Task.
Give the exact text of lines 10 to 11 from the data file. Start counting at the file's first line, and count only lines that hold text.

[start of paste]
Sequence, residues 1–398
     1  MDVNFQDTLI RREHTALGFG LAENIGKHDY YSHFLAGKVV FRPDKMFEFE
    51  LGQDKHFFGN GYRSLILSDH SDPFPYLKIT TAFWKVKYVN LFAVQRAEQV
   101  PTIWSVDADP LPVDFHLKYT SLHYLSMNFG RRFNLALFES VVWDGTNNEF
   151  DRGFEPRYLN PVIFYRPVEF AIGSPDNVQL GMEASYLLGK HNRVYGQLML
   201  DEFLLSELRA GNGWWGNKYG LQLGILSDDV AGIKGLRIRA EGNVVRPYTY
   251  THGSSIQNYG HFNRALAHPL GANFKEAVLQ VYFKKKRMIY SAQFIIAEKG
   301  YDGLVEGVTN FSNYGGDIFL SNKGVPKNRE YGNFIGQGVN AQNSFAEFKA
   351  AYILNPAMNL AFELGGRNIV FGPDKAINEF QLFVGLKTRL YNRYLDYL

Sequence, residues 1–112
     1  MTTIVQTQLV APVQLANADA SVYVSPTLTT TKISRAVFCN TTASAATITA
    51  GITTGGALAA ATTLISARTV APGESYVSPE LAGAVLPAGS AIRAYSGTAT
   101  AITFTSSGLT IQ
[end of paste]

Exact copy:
Sequence, residues 1–112
     1  MTTIVQTQLV APVQLANADA SVYVSPTLTT TKISRAVFCN TTASAATITA